Section 1115 Medicaid demonstration waivers permit states to test innovative ways to design and improve their Medicaid and CHIP programs, beyond what is required under current law. Section 1115 of the Social Security Act authorizes the secretary of the Department of Health and Human Services to approve experimental, pilot or demonstration projects that test and evaluate program changes in their Medicaid and Children’s Health Insurance Programs (CHIP) to improve care, increase efficiency and reduce costs without increasing federal Medicaid expenditures.
Under the waivers, states have considerable flexibility to design and improve their programs:
- Providing coverage to otherwise ineligible populations.
- Providing services not typically covered by Medicaid.
- Experimenting with cost sharing and other payment reforms.
- Implementing changes to the delivery system.
Waivers vary considerably across states, from broad approaches that expand coverage, change delivery systems or alter benefits and cost-sharing to narrow approaches that focus on specific populations and services, such as allowing otherwise ineligible adults to access family planning services. Through the waiver process, states typically receive approval for a five-year period, after which they have the option of extending their demonstrations for an additional three years.
Key Facts: 1115 Waivers
Allows states flexibility to design and improve their Medicaid and CHIP programs.
State demonstrations must promote Medicaid program objectives and remain budget neutral to the federal government.
30 states, including the District of Columbia, are currently operating at least one Section 1115 waiver, according to CMS.
Subject to evaluation and typically receive approval for a 3-5 year period.
Each waiver application is unique, and states use them to achieve different purposes, including to expand Medicaid and implement delivery system reforms. As of January 2018, 35 states were operating at least one approved Section 1115 waiver, according to the Kaiser Family Foundation. Their analysis found that states were requesting waivers to test changes related to delivery systems and behavioral health (16 states each), managed long-term services and supports (12 states), Medicaid expansion and eligibility or enrollment restrictions (eight states each), and benefit restrictions or incentives for healthy behaviors (six states). As of January 2018, Kentucky was the only state with approval to require certain Medicaid beneficiaries to work or participate in community engagement as a condition for eligibility—although several other states have submitted requests.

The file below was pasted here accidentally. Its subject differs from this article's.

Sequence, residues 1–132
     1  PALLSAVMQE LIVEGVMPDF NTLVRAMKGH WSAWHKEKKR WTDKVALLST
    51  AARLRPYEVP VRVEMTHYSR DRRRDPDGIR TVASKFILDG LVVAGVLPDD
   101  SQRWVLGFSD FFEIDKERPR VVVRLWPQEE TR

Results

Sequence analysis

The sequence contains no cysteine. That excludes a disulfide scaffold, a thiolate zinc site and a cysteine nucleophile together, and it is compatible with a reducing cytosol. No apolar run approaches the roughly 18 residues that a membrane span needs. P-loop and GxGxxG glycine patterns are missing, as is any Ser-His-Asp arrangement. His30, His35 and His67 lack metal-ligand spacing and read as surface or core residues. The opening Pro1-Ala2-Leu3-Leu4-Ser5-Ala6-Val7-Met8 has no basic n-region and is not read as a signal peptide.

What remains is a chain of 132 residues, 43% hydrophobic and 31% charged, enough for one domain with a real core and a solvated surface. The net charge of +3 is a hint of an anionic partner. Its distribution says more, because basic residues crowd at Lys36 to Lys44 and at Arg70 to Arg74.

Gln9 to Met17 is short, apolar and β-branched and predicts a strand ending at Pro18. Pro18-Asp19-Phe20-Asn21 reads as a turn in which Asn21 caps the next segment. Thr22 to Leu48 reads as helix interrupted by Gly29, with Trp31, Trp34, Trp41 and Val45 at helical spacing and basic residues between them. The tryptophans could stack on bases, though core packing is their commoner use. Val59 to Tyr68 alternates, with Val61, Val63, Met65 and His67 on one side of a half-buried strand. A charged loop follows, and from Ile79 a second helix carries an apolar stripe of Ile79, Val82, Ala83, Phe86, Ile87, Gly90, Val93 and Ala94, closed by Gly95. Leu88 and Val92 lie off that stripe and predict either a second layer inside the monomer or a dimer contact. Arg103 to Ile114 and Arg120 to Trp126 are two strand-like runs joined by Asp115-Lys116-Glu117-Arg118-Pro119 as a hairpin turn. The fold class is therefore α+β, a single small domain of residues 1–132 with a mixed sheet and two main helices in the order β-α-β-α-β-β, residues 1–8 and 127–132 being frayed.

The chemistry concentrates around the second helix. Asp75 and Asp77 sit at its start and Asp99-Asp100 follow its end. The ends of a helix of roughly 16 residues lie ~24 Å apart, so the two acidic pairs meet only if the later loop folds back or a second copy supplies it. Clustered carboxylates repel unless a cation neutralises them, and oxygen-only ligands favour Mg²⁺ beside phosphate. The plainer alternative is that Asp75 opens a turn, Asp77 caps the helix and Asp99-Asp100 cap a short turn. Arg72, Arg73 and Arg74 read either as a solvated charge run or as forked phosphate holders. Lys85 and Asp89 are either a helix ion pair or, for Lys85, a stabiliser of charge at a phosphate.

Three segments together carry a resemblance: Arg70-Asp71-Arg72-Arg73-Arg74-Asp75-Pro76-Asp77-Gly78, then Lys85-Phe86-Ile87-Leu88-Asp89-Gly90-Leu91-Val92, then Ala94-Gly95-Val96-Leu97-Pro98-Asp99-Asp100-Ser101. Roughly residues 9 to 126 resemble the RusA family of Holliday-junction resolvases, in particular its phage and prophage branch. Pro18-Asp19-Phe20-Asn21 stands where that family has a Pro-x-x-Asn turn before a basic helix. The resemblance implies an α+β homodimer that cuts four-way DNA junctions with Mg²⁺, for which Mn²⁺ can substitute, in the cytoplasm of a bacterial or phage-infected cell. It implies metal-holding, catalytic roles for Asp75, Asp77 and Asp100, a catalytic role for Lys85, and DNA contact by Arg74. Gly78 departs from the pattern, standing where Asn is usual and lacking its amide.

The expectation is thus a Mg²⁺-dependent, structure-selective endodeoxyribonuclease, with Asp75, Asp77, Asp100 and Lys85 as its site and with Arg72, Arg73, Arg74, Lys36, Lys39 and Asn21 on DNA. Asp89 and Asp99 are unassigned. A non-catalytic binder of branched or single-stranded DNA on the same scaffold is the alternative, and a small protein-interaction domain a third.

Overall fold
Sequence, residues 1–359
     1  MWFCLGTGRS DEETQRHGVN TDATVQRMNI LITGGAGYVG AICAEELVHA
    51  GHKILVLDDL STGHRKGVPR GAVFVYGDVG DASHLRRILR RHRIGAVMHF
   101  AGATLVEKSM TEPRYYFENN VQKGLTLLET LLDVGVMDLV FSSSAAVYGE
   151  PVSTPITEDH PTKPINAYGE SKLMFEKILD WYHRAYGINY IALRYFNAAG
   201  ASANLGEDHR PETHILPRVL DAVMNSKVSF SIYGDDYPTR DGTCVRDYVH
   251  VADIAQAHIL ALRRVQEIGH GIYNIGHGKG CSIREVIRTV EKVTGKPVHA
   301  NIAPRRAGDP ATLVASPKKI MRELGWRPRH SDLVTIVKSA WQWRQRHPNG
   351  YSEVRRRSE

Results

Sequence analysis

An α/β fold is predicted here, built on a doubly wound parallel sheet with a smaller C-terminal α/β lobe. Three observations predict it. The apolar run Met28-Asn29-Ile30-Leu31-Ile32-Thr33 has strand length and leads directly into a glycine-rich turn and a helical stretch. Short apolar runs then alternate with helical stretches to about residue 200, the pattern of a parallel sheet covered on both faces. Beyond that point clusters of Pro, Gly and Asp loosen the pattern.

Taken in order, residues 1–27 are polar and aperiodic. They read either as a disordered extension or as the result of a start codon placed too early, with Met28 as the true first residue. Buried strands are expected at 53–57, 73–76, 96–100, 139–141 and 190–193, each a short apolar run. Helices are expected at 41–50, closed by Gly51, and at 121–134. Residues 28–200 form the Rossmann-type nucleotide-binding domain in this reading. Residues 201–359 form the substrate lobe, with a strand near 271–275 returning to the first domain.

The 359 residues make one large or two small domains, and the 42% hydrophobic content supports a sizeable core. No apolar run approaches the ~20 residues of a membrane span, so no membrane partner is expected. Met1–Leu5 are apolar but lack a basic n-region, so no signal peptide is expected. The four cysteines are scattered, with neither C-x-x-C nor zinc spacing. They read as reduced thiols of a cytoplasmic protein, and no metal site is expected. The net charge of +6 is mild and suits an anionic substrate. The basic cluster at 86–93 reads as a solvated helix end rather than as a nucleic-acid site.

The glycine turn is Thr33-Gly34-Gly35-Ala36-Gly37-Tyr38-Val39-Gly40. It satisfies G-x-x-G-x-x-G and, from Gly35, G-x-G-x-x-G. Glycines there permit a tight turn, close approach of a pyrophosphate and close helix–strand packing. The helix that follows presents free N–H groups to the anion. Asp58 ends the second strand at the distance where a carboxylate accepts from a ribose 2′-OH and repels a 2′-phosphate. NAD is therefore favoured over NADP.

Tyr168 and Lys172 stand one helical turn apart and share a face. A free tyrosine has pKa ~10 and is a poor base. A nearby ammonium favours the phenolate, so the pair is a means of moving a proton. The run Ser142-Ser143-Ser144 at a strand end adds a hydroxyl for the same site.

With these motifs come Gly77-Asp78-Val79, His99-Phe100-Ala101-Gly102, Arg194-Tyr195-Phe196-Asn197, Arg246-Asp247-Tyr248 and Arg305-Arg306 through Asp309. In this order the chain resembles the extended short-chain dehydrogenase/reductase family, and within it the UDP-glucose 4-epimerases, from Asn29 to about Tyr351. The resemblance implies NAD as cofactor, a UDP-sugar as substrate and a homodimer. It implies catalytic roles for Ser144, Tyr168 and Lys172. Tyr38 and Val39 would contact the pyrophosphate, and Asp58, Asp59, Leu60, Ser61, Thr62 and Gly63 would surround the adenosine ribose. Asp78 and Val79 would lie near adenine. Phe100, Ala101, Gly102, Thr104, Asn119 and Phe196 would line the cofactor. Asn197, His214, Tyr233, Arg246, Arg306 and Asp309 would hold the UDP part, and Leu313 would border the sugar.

Before passage of the Affordable Care Act, states typically used 1115 waivers to expand coverage to childless adults. The federal law’s expansion changes, however, enabled states to cover this population without first obtaining a waiver. As of March 2017, 31 states and the District of Columbia expanded their Medicaid programs under the law’s provisions. Seven states—Arizona, Arkansas, Iowa, Indiana, Michigan, Montana and New Hampshire—are using a Section 1115 waiver to implement their Medicaid expansion. State examples include:
- Arkansas was the first state to expand Medicaid under the ACA to childless adults by means of a waiver. The implications of its provision has been closely examined by policymakers.
- Indiana describes its demonstration as a “consumer-driven health plan,” which seeks to “reduce the number of uninsured, low-income Hoosiers and increase access to healthcare services; promote value-based decision-making and personal health responsibility; promote disease-prevention and health promotion to achieve better health outcomes; promote private market coverage …; and assure state fiscal responsibility and efficient management of the program.”
What are the waiver rules? Section 1115 waiver applicants must demonstrate that federal Medicaid expenditures will not exceed what would have occurred without the demonstration, and that the waivers will:
- Increase and strengthen overall coverage of low-income individuals in the state.
- Increase access to, stabilize, and strengthen providers and provider networks available to serve Medicaid and low-income populations in the state.
- Improve health outcomes for Medicaid and other low-income populations in the state.
- Increase the efficiency and quality of care for Medicaid and other low-income populations through initiatives to transform service delivery networks.
States are required to provide matching funds and rely on a variety of sources to finance Medicaid expenditures, including general funds, intergovernmental transfers (e.g., from public hospitals or local governments) or state-funded health programs.